Break­ing THE ICE

New Zealan­ders’ re­luc­tance to talk about their fi­nances is a chal­lenge for banks look­ing to have mean­ing­ful con­ver­sa­tions with would- be new cus­tomers, so Ki­wibank de­cided to push the bound­aries of mar­ket­ing to get Ki­wis to speak up.

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The chal­lenge

Open­ing up about money is not some­thing that comes com­fort­ably to New Zealan­ders. In fact, ac­cord­ing to Ki­wibank, many would rather talk about their sex-lives than their fi­nances, which could ex­plain why the bank’s re­search found that 85 per­cent of Ki­wis didn’t have enough fi­nan­cial ed­u­ca­tion.

Fur­ther­more, 48 per­cent were wor­ried about their debt lev­els, 54 per­cent were strug­gling to get on the prop­erty lad­der and 56 per­cent were wor­ried about the size of their mort­gage.

It sounds like a prob­lem that could be at­trib­uted to a lack of fi­nan­cial tools or ad­vice, but Ki­wibank be­lieves it truly comes down to pro­cras­ti­na­tion and a lack of con­fi­dence. And with a pur­pose to make all Ki­wis bet­ter off, it wanted to im­prove both that con­fi­dence and those statis­tics.

But how could it approach a topic that’s com­monly avoided and con­sid­ered dry and tech­ni­cal? A tra­di­tional TVC cam­paign wasn’t go­ing to cut it, so it de­cided to go one step fur­ther and cre­ate its own TV show with TVNZ and Ruckus to break the ice and spark a na­tion­wide con­ver­sa­tion about money.

The re­sponse

Called Mind Over Money, the six-part TV se­ries found a home in a prime­time spot on TVNZ 1 to en­sure it had max­i­mum reach.

It delved into per­sonal fi­nances us­ing be­havioural eco­nom­ics to show Ki­wis why na­ture leads them to act the way they do. And not want­ing to nag or lec­ture the au­di­ence, host Nigel Latta

kept things en­ter­tain­ing with so­cial ex­per­i­ments and clever analo­gies.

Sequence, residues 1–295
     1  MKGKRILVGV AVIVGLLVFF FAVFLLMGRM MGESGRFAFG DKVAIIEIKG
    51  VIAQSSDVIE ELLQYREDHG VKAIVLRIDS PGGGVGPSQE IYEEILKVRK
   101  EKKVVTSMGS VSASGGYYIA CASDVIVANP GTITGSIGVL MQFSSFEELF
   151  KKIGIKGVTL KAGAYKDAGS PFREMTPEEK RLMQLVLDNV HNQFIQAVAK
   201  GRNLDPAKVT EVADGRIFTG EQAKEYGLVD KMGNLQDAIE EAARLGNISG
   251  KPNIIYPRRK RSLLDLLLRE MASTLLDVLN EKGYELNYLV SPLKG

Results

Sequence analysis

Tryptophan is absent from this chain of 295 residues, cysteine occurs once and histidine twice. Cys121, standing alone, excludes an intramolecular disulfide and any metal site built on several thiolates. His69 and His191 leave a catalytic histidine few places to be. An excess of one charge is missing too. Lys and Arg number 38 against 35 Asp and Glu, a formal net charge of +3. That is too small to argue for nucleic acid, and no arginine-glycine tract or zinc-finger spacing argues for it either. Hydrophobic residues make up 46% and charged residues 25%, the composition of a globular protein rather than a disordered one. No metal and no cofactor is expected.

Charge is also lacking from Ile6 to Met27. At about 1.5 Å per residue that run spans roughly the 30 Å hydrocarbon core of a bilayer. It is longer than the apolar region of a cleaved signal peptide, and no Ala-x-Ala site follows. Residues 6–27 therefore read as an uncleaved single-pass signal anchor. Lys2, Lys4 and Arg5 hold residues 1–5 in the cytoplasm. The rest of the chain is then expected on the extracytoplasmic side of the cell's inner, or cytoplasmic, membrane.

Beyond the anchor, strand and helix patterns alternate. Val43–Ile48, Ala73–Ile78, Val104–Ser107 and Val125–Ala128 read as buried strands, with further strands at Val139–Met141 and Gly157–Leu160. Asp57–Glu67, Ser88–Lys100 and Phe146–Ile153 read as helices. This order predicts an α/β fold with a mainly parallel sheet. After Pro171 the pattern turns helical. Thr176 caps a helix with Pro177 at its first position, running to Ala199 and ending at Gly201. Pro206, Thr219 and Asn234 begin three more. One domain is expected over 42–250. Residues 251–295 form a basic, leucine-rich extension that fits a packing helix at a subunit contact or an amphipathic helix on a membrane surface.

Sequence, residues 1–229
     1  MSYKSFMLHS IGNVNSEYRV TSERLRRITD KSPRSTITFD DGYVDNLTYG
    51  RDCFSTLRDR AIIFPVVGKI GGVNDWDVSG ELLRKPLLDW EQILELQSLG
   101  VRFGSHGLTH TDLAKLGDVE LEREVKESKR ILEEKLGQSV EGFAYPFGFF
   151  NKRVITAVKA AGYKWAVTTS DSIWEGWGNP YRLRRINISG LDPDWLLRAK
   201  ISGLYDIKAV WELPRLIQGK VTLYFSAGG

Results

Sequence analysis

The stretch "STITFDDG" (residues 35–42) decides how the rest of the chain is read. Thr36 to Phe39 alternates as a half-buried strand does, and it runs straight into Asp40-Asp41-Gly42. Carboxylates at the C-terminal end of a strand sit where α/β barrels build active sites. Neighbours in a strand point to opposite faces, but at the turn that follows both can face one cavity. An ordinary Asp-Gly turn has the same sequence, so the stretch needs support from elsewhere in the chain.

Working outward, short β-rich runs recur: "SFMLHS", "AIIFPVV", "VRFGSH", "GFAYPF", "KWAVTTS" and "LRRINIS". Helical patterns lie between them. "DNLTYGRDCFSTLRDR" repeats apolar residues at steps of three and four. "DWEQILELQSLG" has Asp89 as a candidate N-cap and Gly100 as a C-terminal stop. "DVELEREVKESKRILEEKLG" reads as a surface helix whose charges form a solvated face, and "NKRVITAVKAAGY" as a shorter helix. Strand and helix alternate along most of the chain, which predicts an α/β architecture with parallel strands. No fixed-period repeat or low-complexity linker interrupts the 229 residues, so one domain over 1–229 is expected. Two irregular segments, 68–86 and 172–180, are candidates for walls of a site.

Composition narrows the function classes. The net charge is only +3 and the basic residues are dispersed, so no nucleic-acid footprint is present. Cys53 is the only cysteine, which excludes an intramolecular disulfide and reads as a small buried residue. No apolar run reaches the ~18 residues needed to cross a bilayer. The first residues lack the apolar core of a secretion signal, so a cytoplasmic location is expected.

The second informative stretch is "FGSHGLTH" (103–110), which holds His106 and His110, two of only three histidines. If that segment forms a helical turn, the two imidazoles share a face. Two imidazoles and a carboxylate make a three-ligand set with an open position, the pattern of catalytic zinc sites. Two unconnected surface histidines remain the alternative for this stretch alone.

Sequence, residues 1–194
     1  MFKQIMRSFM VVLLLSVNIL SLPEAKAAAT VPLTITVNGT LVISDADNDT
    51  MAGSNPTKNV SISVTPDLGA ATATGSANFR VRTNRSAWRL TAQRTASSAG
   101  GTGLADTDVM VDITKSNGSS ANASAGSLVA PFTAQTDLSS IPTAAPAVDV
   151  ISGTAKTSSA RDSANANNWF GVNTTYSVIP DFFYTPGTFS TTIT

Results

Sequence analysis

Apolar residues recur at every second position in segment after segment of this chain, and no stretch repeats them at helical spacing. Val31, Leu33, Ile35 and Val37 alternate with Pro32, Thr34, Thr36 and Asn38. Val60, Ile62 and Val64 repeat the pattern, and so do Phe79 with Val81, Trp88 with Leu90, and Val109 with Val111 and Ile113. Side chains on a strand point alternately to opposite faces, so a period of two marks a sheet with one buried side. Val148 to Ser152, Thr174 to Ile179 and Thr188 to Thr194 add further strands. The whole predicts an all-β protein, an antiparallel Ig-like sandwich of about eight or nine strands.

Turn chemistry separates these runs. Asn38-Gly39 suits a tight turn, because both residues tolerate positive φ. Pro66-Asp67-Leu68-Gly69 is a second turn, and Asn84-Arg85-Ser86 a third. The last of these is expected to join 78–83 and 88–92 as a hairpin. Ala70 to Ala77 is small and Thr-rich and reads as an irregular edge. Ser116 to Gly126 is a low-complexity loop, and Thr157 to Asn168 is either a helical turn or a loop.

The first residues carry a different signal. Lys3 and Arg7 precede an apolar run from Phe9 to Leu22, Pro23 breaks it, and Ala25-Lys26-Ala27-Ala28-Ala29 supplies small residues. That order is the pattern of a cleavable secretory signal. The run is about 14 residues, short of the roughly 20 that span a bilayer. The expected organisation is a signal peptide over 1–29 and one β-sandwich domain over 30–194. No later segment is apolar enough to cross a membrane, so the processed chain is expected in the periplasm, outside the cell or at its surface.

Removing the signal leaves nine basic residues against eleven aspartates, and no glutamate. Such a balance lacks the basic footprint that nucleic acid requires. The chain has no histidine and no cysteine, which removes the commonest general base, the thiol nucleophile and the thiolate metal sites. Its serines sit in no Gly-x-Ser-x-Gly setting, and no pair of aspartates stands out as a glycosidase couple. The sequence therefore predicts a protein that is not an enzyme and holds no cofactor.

Off-air and on­line, the in­for­ma­tion was sup­ported by a ded­i­cated con­tent hub, min­dover­, that housed all the episodes and delved deeper into the top­ics dis­cussed. In­no­va­tive in­ter­ac­tive tools and games drove fur­ther en­gage­ment and al­lowed visi­tors to im­me­di­ately ask a Ki­wibank ex­pert ques­tions.

At the same time, weekly episode­spe­cific videos were dis­trib­uted around Ki­wibank in­ter­nally to give staff fur­ther in­sight into the show’s topic and how they could help cus­tomers.

The re­sults

Break­ing not only the ice, but also the mould of tra­di­tional ad­ver­tis­ing, paid off for the bank as it in­spired and em­pow­ered view­ers. The Na­tional

Busi­ness Re­view called it “the gold stan­dard for how eth­i­cal com­pa­nies can make a main­stream TV se­ries that has real pub­lic good” and it’s a sen­ti­ment that’s re­flected in the num­bers.

The se­ries won its peak on-air time slot among Kiwi adults and 68 per­cent of those sur­veyed by the bank said they en­joyed watch­ing it.

That find­ing was sup­ported by 67 per­cent of peo­ple who con­sid­ered the in­for­ma­tion rel­e­vant to their sit­u­a­tion and 60 per­cent who said the se­ries pro­vided them with new in­for­ma­tion.

More im­por­tantly, 44 per­cent of sur­veyed view­ers who watched one or more episodes claimed the show changed how they man­aged their money.

But it wasn’t just the au­di­ence who saw a ben­e­fit from Mind Over Money as Ki­wibank en­joyed a rise in cust omer sat­is­fac­tion to reach a three year high. Its Net Pro­moter Score from those who watched the se­ries sits at 69 per­cent com­pared to 32 per­cent for those who didn’t watch it.

Re­flect­ing on the se­ries soon af­ter it went to air, Ki­wibank’s gen­eral man­ager of mar­comms Re­gan Sav­age told Stoppress the sen­ti­ment around the se­ries shows Ki­wibank’s cus­tomers saw Mind Over Money as Ki­wibank de­liv­er­ing on its brand prom­ise to make Ki­wis bet­ter off.

“They re­ally drew the con­nec­tion be­tween what we stand for and why we were in­vest­ing in a prime­time TV show like this... it just felt in­cred­i­bly ob­vi­ous to con­sumers that Ki­wibank would be the kind of brand to cre­ate a show like this and take it to mar­ket.”

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